“Change is the law of life.”
This quote, spoken by President Kennedy in a 1963 speech and repeated countless times over the many years since, appears to be proved true once again. According to a recent news article in “The Guardian,” a movement in California is calling for a moratorium on new gas stations - and with it a transformation of the U.S. transportation system.
In March of this year, the town of Petaluma in Sonoma County became the first city in America to temporarily ban future gas station construction or the installation of any new gas pumps on existing sites. A final vote on the resolution is scheduled for September.
If upheld, the ban could be the beginning of a seismic shift away from gas-powered vehicles. California now has the highest sales of electric vehicles (EVs) in the country, with EVs accounting for almost 11% of all new vehicles sold in the first three months of this year.
But some 20% of earlier buyers of EVs chose to return to gas after experiencing problems with recharging or disappointments with the limited range of their vehicles.
An article in the July/August issue of “Car and Driver” magazine deals with many of the issues regarding EVs and regard most of them as solvable. Others, however, may prove more troublesome.
Take, for example, the question of temperature, both inside and outside the vehicle.
“The further the ambient temperature deviates from the mid-70s, the more energy is devoted to keeping the cabin’s occupants - and, in some cases, the battery - comfortable,” says the article.
Testing found that range, on average, dropped by 41% when the temperature fell from 75 degrees to 20, and 17% when the heat went up from 75 to 95.
Regarding the net environmental impact of EVs versus gas vehicles, the research gets a bit trickier. EV batteries are energy-intensive to manufacture, and while they don’t emit greenhouse gases, the electricity they pull from the grid often does.
“According to a model devised by the automotive consulting firm FEV, the life-cycle emissions of a small gas car will surpass those of a small EV after roughly 27,000 miles of driving.” Larger EV vehicles, crossovers and trucks, being less efficient and requiring larger batteries, will need to be driven twice that distance before proving less pollutive than their gas counterparts.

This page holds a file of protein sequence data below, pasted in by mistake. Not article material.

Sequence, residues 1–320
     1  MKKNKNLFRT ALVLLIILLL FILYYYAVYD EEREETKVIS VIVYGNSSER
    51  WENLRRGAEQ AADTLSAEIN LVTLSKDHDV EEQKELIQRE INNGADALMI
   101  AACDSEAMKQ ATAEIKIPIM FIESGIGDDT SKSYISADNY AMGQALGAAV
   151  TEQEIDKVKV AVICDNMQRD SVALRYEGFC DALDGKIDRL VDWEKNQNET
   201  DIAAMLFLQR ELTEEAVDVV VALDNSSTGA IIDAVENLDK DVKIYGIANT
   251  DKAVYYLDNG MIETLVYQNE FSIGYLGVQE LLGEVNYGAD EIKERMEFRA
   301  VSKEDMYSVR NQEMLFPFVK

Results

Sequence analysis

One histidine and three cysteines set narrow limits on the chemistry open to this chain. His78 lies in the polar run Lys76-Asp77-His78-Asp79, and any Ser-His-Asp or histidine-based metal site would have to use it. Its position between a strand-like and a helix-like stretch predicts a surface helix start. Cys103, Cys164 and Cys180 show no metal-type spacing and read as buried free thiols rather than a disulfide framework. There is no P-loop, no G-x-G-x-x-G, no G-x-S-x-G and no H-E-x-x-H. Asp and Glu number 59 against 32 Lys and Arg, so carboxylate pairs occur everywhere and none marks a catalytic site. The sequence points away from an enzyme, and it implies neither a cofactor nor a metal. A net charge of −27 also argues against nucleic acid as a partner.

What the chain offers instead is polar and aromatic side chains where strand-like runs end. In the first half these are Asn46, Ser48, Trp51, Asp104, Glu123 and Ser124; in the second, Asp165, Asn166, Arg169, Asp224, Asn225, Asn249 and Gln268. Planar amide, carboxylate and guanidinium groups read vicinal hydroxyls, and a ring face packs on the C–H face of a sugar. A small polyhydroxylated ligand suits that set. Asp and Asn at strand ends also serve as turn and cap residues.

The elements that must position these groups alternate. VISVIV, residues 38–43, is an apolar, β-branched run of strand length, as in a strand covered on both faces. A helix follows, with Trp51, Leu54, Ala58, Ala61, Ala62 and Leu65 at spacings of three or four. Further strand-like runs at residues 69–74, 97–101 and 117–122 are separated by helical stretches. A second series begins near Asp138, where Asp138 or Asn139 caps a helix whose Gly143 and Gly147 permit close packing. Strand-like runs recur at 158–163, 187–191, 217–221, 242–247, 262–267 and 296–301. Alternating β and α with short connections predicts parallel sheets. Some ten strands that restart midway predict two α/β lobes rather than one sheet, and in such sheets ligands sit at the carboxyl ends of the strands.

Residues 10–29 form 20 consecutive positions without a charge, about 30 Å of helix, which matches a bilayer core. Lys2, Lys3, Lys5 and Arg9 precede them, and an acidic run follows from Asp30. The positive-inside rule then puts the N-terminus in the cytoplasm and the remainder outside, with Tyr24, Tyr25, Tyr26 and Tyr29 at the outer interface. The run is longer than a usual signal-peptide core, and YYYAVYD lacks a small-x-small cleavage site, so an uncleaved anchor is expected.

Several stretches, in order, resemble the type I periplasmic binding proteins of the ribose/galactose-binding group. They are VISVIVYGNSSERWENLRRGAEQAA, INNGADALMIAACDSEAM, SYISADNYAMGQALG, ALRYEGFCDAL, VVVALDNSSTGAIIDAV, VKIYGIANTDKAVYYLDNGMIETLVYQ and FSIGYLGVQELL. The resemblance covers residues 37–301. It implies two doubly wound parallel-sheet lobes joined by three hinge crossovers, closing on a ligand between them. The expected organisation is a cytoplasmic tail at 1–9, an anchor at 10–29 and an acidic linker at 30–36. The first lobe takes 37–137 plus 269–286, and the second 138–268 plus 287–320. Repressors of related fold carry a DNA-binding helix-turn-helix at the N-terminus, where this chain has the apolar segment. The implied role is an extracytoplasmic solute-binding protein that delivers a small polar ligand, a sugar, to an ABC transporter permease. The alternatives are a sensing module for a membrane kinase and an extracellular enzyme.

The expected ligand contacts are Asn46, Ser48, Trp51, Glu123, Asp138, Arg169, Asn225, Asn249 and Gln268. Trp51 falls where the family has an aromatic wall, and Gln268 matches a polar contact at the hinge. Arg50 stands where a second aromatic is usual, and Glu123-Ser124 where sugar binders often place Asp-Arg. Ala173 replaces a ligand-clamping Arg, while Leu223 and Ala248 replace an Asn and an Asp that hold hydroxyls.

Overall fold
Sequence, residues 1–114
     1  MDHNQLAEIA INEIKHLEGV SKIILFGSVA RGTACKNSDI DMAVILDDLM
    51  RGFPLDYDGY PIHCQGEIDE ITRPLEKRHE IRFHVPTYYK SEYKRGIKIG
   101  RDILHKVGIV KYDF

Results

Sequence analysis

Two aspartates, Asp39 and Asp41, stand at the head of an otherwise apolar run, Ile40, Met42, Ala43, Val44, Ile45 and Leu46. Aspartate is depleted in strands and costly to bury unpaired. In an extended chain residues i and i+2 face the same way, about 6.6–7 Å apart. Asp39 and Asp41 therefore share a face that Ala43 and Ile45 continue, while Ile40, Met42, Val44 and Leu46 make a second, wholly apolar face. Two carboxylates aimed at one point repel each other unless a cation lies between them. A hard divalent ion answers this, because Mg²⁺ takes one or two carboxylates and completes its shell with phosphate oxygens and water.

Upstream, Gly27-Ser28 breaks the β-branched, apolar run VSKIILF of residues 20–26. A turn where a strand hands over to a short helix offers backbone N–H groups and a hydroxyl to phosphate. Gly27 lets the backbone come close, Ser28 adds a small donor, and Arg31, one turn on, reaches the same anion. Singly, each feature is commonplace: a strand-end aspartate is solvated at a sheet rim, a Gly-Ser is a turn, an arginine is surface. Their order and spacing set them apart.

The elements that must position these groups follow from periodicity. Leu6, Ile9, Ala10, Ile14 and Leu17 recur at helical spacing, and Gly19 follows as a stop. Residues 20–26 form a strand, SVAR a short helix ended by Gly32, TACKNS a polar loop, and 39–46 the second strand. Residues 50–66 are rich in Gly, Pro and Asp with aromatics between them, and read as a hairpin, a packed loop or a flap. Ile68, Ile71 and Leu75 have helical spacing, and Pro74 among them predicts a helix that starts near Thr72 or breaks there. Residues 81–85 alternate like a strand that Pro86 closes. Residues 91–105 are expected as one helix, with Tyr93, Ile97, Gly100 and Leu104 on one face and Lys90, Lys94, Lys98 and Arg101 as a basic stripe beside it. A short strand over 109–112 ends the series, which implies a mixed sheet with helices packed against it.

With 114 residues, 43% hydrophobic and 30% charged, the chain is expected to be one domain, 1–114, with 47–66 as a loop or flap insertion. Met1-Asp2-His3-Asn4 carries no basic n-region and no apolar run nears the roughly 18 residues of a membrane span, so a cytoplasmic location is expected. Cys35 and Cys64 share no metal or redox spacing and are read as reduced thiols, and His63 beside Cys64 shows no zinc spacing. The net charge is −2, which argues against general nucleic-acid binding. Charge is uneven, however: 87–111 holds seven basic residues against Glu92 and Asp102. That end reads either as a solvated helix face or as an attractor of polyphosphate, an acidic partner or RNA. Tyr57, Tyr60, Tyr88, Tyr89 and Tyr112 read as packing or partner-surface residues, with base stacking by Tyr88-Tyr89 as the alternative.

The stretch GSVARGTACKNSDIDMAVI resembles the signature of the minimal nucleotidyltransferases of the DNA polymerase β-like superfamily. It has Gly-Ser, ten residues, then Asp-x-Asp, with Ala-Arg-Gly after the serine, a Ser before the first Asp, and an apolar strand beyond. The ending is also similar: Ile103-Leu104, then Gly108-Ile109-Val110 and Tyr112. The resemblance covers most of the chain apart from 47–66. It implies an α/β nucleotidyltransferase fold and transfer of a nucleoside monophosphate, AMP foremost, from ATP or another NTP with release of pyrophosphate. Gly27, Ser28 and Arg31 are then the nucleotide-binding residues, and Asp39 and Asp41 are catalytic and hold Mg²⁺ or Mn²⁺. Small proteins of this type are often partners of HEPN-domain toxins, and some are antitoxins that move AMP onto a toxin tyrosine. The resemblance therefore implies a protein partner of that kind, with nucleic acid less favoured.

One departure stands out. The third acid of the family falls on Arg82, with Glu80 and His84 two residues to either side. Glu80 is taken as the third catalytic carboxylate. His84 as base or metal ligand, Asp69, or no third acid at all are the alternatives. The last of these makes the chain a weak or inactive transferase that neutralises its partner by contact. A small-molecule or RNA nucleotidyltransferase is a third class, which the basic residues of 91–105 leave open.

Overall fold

As to range, the issue gets even more complicated, depending upon the vehicle owner’s geographical location, distance from work, average climatic temperature range, etc., as well as the fact that technical improvements promise to increase the dependable distance any given EV can cover (though the article predicts that breakthroughs to affordable solid-state batteries are at least a decade away).
One question that looms large for those of us who live in rural areas is how to prep a garage for an EV. The “Car and Driver” article suggests you’ll want to install a dedicated 240-volt circuit for charging your electric vehicles, and further recommends installing a NEMA 14-50 outlet, which plugs into a 40-amp circuit and can be taken with you if you move.
As to the feasibility of charging an EV at home on a standard 120-volt household plug, the article considers it impractical unless you regularly drive less than 30 miles a day or have access to additional charging equipment at work.
As to ultimate cost, the article compared the five-year cost of ownership for the electric Volkswagen ID.4 and the similarly sized and equipped gas-powered Tiquan. Given the much greater initial cost, interest payments and lower resale value of the ID.4, and subtracting the current $7,500 federal tax credit, its estimated five-year cost was $37,874.
But given the much higher fuel and maintenance costs of the Tiquan, its estimated cost was $36,378, or nearly equal to the EV.
So is now the right time to buy an EV?
You call it.
Collections of Craig Nagel’s columns are available at CraigNagelBooks.com.